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What's going on in tech? - 16 Jan 2019

Lets face it, the UK is in the midst of political shambles right now. I’m not even going to mention the B-word, because I’m sure you are sick of hearing it too.

Instead, take a gander at what’s happening in tech at the moment. We talk more in depth about these articles on the latest Tech Talks podcast, so give that a listen too.

  1. The Egg

As the latest installment in the bizarre world of The Internet, an egg has stolen the record from Kylie Jenner for the most liked photo on Instagram. Yes, an egg. And it's not even a special egg. It’s literally just a stock photo of an egg. It was posted by “world_record_egg” and has amassed over 45 million likes in less than two weeks, making Jenner’s 18 mil for the picture of her newborn baby seem like child’s play. (Eggxcuse the pun.) (Sorry).  

Anyway, this strange and slightly worrying development tells us a few things. One: that Instagram likes mean literally nothing. They are not a reflection of your self worth. Algorithms define what people see, people click like passively and are clearly so bored of the whole social media charade that a completely out of context stock photo of an egg provides such sweet release from the usual overly curated instagram feeds of friends and celebrities that everyone goes rabid for it.

Secondly, it reminds us that nearly everything you see on social media is a marketing stunt, or at least a money making attempt. We are only just recovering from the explosion that a certain vegan sausage roll caused on Twitter, and now this! It’s too much. But I digress. If you look in the bio of the OG egg profile, you will see a link to ‘OFFICIAL MERCHANDISE”. Where you can pick from a selection of ‘Egg gang’ T-shirts, or a simple black hoodie with the egg in question printed on the front, that will set you back £25. Everything is meme content now, nothing is real and my brain hurts. Oh, and The Guardian published a nice little parody bio of The Egg, if you aren’t all yolked out.

2. The YouTube prank

As reported on the BBC YouTube has banned videos that depict dangerous or emotionally distressing “pranks”. The move comes as people are literally dying or seriously injuring themselves trying to carry out viral pranks, such as the Birdbox challenge. (Which, side note, may actually have been a Netflix marketing stunt, to make people believe it was a craze before it really was. People saw this tweet and then it caught on for real. See, I told you. Marketing.) For example, a teenager in Utah crashed his car into oncoming traffic because he was blindfolded.

So YouTube’s desire to put a stop to this is nice, on the surface. But dig deeper, and it’s more complicated than that. First of all, where do you draw the line between harmless fun and “dangerous or emotionally distressing” prank? What classes as serious injury, and what is just accidental? That is a hard line to draw, but one that must be.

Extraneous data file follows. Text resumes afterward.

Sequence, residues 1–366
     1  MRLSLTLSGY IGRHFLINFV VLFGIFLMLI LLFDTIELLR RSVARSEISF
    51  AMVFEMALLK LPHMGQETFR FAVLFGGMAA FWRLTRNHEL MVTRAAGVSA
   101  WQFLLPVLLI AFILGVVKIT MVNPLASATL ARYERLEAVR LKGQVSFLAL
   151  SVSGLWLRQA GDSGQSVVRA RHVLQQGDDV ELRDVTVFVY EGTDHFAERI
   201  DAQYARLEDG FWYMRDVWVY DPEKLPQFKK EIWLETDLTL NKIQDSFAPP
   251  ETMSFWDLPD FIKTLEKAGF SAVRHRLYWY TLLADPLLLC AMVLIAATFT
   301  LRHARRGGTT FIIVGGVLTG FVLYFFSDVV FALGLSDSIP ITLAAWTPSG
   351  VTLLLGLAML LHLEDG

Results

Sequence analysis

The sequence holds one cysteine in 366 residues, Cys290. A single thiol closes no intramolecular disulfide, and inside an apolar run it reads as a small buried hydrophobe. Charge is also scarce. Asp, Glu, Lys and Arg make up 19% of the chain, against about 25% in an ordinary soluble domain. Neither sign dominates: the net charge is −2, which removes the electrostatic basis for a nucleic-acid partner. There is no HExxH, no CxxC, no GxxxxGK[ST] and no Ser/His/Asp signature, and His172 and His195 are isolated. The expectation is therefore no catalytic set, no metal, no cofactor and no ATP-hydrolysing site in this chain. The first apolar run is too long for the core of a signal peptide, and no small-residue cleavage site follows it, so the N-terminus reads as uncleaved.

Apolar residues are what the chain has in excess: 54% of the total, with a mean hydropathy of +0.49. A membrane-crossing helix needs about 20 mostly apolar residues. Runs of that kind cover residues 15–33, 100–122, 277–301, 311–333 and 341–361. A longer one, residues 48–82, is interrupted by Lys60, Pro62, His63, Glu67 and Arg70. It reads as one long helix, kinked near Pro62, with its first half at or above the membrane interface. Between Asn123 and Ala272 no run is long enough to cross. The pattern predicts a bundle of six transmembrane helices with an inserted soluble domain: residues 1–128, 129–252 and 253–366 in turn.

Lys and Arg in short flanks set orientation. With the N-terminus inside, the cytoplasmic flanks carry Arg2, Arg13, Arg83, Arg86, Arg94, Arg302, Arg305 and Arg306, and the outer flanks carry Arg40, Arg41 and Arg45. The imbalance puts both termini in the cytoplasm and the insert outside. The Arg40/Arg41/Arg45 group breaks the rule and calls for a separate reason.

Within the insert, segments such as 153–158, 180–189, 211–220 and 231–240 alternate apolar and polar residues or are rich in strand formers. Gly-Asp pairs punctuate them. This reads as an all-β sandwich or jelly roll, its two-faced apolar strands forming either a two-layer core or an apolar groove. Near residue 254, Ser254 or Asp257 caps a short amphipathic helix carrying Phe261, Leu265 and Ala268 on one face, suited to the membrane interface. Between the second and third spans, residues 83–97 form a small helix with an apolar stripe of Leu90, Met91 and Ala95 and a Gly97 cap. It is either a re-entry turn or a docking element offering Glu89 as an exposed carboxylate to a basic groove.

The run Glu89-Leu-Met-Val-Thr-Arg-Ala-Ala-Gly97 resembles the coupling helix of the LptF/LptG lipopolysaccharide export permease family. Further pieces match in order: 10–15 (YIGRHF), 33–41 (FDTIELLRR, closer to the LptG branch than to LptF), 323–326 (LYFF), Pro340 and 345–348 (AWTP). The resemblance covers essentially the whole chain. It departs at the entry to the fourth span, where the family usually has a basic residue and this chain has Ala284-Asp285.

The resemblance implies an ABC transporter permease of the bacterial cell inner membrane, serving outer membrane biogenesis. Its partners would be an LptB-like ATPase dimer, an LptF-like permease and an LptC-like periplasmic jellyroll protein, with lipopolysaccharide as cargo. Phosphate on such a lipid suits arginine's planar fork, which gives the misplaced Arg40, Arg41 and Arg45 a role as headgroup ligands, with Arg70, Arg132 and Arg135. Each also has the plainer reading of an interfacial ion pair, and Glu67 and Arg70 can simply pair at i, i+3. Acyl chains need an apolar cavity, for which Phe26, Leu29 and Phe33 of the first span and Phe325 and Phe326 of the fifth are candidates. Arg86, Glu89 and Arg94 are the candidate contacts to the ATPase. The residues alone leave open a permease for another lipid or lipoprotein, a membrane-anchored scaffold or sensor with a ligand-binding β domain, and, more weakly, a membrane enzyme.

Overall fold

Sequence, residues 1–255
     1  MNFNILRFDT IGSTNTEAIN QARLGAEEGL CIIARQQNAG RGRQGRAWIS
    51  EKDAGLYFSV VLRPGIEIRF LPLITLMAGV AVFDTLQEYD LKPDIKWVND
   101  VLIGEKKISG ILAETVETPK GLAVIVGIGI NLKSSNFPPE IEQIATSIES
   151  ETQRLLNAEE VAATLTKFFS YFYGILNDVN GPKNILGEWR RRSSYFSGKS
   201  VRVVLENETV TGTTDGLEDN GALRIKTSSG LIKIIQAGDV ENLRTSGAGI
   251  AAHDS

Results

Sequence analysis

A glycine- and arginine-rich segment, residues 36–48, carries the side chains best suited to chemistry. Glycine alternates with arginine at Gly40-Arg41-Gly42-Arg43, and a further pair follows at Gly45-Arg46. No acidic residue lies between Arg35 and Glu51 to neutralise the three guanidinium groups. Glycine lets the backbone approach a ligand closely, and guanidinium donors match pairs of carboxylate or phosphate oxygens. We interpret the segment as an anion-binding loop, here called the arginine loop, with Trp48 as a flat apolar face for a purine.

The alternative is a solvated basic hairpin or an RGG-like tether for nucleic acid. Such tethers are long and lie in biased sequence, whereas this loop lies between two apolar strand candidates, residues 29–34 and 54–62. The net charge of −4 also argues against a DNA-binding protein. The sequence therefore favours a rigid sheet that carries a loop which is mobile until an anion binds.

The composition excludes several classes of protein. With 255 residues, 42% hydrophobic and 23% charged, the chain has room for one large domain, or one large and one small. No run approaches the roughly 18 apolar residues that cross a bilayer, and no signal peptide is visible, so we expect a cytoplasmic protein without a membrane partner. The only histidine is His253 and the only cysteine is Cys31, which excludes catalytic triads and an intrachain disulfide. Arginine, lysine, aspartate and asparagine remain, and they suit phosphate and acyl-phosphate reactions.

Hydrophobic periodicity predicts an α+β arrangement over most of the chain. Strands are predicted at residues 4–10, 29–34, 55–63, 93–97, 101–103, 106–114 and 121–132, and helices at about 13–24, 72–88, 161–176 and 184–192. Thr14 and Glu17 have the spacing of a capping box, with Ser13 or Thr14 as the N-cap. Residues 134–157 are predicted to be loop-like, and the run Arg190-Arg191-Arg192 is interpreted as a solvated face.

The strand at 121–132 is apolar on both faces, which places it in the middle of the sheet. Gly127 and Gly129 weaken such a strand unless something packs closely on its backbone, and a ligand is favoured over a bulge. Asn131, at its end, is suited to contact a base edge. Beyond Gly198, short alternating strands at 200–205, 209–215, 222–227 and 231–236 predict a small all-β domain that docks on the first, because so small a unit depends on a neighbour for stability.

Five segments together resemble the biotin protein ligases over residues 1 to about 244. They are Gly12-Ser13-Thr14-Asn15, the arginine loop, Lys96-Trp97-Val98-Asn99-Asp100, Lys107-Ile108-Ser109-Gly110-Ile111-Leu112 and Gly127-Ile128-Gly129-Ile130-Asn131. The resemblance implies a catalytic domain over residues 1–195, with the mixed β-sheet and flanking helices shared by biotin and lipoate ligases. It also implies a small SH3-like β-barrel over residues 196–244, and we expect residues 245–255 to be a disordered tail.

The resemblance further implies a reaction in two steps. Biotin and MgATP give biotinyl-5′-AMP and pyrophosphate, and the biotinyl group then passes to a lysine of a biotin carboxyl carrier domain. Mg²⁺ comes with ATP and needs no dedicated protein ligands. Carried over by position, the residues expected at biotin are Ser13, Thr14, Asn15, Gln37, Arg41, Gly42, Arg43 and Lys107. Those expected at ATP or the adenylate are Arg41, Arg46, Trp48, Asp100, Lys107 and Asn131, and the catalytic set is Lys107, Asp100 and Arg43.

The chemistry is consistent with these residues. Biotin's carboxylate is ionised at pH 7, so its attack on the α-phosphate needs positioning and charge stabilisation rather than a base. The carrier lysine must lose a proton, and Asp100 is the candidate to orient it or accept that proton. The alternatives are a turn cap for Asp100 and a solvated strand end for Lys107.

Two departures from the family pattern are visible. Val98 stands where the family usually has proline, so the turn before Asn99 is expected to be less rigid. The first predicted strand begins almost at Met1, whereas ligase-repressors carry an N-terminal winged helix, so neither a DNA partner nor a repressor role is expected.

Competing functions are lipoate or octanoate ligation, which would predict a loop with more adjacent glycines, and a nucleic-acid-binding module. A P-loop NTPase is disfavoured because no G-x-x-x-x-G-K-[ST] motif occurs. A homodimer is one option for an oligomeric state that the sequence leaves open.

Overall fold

Secondly, YouTube is riddled with disturbing content. It was heavily reported in the press that kids were viewing really graphic content, disguised as child friendly cartoons. Even worse, it was fed to them through an algorithm. And Buzzfeed recently published a report stating that depictions of beastiality were appearing alongside kids content. The websites problems run deeper than pranks.

It will be interesting to see whether this ban has any impact, on a site where ‘fail’ and viral videos are born and thrive.

3. The robotic dildo.

Earlier this month, it was revealed that a robotic ‘personal massager’ (that’s a fancy word for a vibrator) was banned from Las Vegas’ mega tech show, CES. The hands-free sex toy was selected as the CES 2019 Innovation Awards honoree in the ‘robotics and drone product’ category. It’s the first product developed by the SexTech company Lora DiCarlo. It’s called the Osé personal massager, if you want to look it up. Alas, Founder and CEO Lora Haddock and her team never did get to celebrate that award, because administrators with the Consumer Technology Association rescinded the award, and banned the company from showcasing the product at CES 2019. Their reasoning? That it should never have been nominated, because it “does not fit into any of our existing product categories”. And that any entrees deemed to be “immoral, obscene, indecent, profane or not in keeping with CTA’s image will be disqualified”. Expect, this doesn't hold up. At all. Exhibit A: OhMiBod, a Kegel exerciser, won thedigital health and fitness product category in 2016. Furthermore, as Haddock beautifully pointed out in an open letter to the CTA, “a literal sex doll for men launched on the floor at CES in 2018 and a VR porn company exhibits there every year, allowing men to watch pornography in public as consumers walk by”.

This is not about decency, or being prude about sex. This is about systematic double standards when it comes to sex and pleasure.

This is a harsh reminder that female pleasure, and women orientated tech in general, isn't given the same freedom, platform or acceptance that predominantly male tech is given. It seems that the CTA  are perfectly happy with a bunch of dudes sitting in a room watching porn together, or talking to a agreeable sex doll, but a genuinely clever dildo - that is sleek and subtle to look at, may I add - is just FAR TOO OBSCENE.

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